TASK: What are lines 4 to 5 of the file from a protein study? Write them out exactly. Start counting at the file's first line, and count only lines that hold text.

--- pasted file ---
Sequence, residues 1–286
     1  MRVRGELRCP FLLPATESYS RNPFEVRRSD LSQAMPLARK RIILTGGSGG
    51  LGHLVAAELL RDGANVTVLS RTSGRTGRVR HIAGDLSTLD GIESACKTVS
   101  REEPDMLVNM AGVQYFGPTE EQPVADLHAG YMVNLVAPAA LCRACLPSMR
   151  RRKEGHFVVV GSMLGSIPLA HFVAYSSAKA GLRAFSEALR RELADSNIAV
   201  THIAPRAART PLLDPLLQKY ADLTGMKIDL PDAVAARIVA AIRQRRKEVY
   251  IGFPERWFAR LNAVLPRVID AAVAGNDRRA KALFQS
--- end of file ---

   101  REEPDMLVNM AGVQYFGPTE EQPVADLHAG YMVNLVAPAA LCRACLPSMR
   151  RRKEGHFVVV GSMLGSIPLA HFVAYSSAKA GLRAFSEALR RELADSNIAV